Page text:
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•Indicated in patients with all stages of left ventricular failure

ACE INHIBITORS

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•Should be taken on an empty stomach

ACE INHIBITORS

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•Pro-drugs that require activation by hydrolysis via hepatic enzymes (except ______)

ACE INHIBITORS
Captopril

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• are adequately but incompletely absorbed following oral administration

ACE INHIBITORS

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•Monopeptide, orally active compounds that are extremely potent competitive antagonists of the AT1 receptor

ARBs

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•Advantage of more complete blockade of angiotensin action

ARBs

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•Do not affect bradykinin levels

ARBs

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•Similar actions with ACEIs but not therapeutically identical

ARBs

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•Alternative to the ACEIs

ARBs

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•All require only once-daily dosing

ARBs

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only ARB that undergoes extensive first-pass effect, along with conversion to its active metabolite

Losartan:

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•All are highly protein-bound

ARBs

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•All have large Vd (except ______)

candesartan

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•Ability to prevent the myocardial changes because of the chronic inactivation of the sympathetic nervous system –decreasing HR and inhibiting the release of renin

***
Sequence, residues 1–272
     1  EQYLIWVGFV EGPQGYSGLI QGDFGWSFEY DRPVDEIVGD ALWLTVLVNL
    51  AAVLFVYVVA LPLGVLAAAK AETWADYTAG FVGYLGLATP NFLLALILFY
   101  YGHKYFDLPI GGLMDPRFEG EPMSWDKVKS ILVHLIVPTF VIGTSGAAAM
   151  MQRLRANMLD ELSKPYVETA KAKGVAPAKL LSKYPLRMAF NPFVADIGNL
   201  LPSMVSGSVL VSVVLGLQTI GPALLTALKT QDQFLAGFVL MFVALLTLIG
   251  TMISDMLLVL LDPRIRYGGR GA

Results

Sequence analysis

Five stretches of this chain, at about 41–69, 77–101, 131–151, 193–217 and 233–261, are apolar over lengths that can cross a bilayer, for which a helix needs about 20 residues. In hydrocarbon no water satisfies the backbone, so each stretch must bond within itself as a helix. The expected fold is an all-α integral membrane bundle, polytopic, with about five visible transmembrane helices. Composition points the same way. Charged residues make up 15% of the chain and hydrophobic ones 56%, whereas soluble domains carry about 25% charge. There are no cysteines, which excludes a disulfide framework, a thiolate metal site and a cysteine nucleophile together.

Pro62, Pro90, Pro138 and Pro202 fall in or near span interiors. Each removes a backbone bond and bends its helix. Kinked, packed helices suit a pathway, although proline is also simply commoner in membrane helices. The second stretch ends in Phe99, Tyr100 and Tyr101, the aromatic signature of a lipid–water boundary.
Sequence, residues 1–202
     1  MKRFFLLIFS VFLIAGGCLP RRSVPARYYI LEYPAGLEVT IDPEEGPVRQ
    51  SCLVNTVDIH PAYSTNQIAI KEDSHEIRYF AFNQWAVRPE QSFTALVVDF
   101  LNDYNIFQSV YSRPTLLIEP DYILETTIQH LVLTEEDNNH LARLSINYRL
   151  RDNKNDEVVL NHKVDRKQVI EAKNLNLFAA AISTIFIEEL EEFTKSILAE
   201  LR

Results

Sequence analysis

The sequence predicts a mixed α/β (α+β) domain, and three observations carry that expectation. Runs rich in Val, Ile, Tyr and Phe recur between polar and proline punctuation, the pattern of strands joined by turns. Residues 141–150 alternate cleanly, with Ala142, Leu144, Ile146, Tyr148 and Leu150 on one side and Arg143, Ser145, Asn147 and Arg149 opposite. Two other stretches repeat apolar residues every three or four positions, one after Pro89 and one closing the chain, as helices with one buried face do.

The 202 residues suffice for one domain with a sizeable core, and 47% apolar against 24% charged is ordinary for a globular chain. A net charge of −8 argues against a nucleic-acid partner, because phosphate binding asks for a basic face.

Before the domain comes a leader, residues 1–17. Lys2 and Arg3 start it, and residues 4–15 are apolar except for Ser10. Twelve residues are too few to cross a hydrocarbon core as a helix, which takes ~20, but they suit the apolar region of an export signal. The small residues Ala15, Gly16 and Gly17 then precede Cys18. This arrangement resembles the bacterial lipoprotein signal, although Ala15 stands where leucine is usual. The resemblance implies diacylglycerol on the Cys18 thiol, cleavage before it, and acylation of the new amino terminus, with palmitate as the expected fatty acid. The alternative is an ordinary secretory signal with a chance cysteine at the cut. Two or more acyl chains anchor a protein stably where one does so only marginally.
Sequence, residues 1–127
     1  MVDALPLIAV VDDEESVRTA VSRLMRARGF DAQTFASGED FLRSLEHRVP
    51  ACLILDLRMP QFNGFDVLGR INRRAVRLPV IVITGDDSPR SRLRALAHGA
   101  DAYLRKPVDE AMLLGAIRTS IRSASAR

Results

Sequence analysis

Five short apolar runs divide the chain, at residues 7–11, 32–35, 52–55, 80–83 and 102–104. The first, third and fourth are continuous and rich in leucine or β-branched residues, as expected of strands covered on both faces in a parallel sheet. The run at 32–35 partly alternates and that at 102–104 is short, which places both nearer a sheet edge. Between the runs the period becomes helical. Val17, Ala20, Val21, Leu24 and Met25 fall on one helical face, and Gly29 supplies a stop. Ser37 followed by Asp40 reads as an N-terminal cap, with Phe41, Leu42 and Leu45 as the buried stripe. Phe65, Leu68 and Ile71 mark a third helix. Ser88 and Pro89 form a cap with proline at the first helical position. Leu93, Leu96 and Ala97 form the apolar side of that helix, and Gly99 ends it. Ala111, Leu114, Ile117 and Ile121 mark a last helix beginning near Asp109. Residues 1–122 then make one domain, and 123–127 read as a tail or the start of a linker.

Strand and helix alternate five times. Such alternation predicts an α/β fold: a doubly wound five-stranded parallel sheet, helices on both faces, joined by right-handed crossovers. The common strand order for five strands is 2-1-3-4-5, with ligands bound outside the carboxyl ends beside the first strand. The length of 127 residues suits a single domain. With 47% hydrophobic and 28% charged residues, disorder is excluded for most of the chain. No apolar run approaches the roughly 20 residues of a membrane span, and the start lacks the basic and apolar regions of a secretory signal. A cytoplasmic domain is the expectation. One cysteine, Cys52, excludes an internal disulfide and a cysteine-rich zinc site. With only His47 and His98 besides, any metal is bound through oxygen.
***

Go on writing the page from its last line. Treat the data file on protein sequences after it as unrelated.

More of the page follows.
BETA-BLOCKERS

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•Prevent direct deleterious effects of NE on the cardiac muscle fibers -> decreasing remodeling, hypertrophy, and cell death

BETA-BLOCKERS

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is recommended for all patients with heart disease except those who are at high risk but have no symptoms and those who are in acute HF

BETA-BLOCKERS

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nonselective ß-adrenoreceptor antagonist that also blocks alpha-adrenoreceptors

•Carvedilol:

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long-acting ß1-selective antagonist


•Metoprolol:

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•Reduce morbidity and mortality associated with HF

Carvedilol and Metoprolol

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•Treatment should be started at low doses and gradually titrated to effective doses based on patient tolerance

Carvedilol and Metoprolol

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•Additional benefit of antihypertensive action

Carvedilol and Metoprolol

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•Relieve pulmonary congestion and peripheral edema

DIURETICS

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•Useful in reducing the symptoms of volume overload (e.g., orthopnea, PND)